“She understood it to be her apostolate to infect as many as possible with an immense longing for the infinite,” said Hans Urs Von Balthasar in Two Sisters in the Spirit.  Once our souls become containers for infinity, it simply will spill over and satisfy the thirst of others, too.

I think in this way, even while enclosed in Carmel, even from her little cells, both exterior and interior, she contributes to the sanctification of the laity.

Just eleven days before her death from Addison’s disease,  twenty-six year old Elizabeth wrote:

I think that in Heaven my mission will be to draw souls by helping them to go out of themselves in order to cling to God by a wholly simple and loving movement, and to keep them in this great silence within which will allow God to communicate Himself to them and to transform them into Himself.

Elizabeth of the Trinity


Two days later, her family would gather around her, expecting to say goodbye.  Instead, she would suffer a novena of agony before entering Heaven nine days later on November 9, 1906.  She was just twenty-six.  The heaven she began on earth would finally reach its limitless end.

Unlike St. Thérèse, Elizabeth saw her mission in heaven to be hidden and interior.  But the Church has wisely lifted the bushel, so to speak, that we can all call on her friendship and prayers for us as we venture to find the Trinity deep within.  May her light help lead the way.


Image attributions:

By Willuconquer (Own work) [CC BY-SA 3.0 or GFDL], via Wikimedia Commons
By Willuconquer (Own work) [CC BY-SA 3.0 or GFDL], via Wikimedia Commons
By Willuconquer (Own work) [CC BY-SA 3.0 or GFDL], via Wikimedia Commons








A Mom on Mount Carmel


I took a fascinating online class on the nature of Mystical Theology in the Church this Spring. What precious time I could carve out from my busy life as a mom six, I spent delving into the works of St. John of the Cross and meeting a new friend, a little Carmelite mystic named Blessed Elizabeth of the Trinity, often called a “spiritual sister” to St. Therese, the Little Flower.  Late at night, huddled on the couch while the household slept, I read about the ascent of  Mount Carmel, the famous allegory used by St. John of the Cross to describe the spiritual life, the journey of the soul’s toward union with God.

Our professor asked us to write our final paper on our own journey on this mystical mountain.  He challenged us to reflect on how we could embrace the self-renunciation necessary to climb closer to the summit.  After a few days of mulling this over mounds of laundry and miles of carpooling, here is what I came up with:

I’ve never been “outdoorsy.”  (Does reading in a lawn chair count?)  While I live in the “Valley of the Sun,” there are plenty of mountain trails to hike here in Phoenix.  My friends and family strap on their packs and hike Camelback or South Mountain, even in the hottest months, and hold up pictures like trophies, proving their prowess.  But me?  Not too interested.  I don’t have much free time, and when I do, sweating on the side of the mountain isn’t my first choice.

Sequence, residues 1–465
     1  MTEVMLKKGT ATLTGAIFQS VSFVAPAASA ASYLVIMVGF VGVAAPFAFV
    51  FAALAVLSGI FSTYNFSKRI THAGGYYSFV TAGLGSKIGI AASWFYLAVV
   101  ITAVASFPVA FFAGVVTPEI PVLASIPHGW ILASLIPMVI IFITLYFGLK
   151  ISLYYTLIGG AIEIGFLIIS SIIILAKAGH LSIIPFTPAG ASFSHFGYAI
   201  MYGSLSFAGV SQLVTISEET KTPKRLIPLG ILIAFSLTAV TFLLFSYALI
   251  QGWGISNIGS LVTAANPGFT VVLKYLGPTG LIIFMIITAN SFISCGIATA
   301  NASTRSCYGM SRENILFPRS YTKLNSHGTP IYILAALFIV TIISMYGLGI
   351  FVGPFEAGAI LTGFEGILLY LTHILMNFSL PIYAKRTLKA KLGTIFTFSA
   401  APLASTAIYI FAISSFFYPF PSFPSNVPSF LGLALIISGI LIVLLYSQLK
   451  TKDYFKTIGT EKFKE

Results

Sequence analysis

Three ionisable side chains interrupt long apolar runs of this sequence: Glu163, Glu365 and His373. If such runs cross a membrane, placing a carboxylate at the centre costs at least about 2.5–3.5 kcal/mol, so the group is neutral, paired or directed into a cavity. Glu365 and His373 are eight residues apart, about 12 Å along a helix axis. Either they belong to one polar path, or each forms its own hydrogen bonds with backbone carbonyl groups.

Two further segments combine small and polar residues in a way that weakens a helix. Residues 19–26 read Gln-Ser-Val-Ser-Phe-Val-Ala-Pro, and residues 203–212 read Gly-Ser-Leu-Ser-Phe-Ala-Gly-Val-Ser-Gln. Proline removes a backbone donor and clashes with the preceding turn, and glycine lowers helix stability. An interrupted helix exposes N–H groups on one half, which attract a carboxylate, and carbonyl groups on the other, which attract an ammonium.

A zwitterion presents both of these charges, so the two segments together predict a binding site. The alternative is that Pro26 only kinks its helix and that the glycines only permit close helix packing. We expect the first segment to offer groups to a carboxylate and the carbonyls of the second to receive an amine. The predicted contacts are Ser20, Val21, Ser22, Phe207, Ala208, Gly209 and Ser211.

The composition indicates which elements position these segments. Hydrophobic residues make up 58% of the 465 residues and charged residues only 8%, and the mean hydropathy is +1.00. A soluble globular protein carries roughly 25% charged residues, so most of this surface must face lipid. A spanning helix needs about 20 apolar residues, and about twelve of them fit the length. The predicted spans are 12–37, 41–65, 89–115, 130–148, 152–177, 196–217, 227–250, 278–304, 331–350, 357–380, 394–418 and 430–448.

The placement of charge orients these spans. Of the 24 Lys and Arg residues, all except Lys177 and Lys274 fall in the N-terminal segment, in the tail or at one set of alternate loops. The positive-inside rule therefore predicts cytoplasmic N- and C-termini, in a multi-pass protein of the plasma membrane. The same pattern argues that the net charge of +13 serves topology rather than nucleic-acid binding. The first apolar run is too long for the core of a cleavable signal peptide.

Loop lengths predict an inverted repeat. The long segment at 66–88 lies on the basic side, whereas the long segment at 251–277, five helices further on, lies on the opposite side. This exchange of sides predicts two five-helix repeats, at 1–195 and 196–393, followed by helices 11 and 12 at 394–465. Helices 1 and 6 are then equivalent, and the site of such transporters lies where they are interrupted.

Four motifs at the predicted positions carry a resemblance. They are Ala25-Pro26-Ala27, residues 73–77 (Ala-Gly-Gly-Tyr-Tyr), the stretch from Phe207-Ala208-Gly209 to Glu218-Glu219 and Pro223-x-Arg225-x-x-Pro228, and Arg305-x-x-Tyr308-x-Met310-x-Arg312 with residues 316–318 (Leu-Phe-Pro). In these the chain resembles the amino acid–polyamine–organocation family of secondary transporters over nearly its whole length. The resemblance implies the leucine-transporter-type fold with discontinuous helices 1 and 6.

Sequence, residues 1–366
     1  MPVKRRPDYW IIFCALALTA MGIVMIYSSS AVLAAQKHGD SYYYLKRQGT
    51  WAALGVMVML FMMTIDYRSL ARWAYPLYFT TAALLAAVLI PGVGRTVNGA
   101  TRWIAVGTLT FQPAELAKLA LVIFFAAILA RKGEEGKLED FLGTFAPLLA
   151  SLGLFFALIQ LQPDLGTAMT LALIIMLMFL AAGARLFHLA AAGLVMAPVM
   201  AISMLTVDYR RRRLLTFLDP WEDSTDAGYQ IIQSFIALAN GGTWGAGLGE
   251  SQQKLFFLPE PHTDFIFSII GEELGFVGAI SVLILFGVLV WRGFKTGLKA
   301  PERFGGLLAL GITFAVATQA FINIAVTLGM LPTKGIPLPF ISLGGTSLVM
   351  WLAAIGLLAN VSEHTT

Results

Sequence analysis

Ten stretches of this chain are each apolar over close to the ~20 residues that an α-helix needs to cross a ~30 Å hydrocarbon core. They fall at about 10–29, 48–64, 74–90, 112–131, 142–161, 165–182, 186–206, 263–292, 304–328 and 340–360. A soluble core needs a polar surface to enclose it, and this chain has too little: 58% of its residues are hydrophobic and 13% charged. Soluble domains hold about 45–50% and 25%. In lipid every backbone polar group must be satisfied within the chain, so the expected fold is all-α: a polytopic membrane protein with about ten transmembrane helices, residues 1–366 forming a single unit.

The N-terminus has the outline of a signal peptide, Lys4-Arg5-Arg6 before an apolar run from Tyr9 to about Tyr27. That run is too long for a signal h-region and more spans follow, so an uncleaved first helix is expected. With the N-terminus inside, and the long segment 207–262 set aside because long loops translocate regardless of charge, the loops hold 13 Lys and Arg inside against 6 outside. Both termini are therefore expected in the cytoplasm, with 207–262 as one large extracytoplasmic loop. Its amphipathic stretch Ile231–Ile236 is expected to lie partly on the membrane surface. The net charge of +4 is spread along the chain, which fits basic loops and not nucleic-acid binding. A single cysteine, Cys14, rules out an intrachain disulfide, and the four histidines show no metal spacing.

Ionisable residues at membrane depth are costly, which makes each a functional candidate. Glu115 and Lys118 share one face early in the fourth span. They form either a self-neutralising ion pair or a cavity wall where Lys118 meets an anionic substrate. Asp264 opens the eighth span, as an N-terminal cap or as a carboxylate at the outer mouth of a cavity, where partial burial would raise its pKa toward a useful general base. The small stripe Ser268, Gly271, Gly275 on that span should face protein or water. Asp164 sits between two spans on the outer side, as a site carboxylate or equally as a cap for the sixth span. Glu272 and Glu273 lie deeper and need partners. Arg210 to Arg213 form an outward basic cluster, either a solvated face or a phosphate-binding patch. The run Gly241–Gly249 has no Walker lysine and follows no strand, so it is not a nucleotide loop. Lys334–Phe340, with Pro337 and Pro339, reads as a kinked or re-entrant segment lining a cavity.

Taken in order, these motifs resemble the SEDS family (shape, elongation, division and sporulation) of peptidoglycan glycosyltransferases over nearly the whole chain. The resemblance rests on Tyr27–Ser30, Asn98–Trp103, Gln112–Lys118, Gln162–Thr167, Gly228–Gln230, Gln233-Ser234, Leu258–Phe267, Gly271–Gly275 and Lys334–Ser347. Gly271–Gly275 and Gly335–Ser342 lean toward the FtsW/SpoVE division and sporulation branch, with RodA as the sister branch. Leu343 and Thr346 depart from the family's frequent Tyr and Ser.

But I do love God, and I do want to get closer to Him.  So “Mt. Carmel” is one mountain I must try to ascend.  I suppose I’m in the foothills, still, but I am making some progress.  Allow me to share.

I have long been intrigued by the story of the rich young man in Matthew’s gospel who wanted eternal life, kept the commandments, but went away sad because he was instructed to part with all of his possessions.  I identify with this poor man, but I have always pictured myself like this: unable to shed all of my attachments on my own, but still determined to follow Christ, I drag along sacks of clutter and whatnots, huffing and puffing up Carmel, lagging behind Jesus and his holier followers who have the freedom – and breath – to have animated and intimate conversations.  Meanwhile I’m too far behind to ever hear what they are saying.  But I press on, haltingly, reluctantly shedding a scrap here, a trinket there, trying to lighten my load.

Somewhere along the way, stopping to rub my aching feet, while the saints sail ahead, I notice the boulder in my backpack isn’t even a thing at all – it’s my will.  It’s my grasping of not only my own things but my own desires.  Hmmm.  If I could let go of that, heave it over the edge…I glance at those far ahead.

But it’s just too much to give up all at once.  I could go away sad, but in the words of St. Peter, “to whom should we go?”  There is nothing for me in the valley below.  So I stagger up and press on.

And Jesus knows I’m back there.  So He gives me a little help.  He breaks the boulder into six littler pieces and asks me to surrender one at a time.  And propelled by love, one by one, they have fallen away.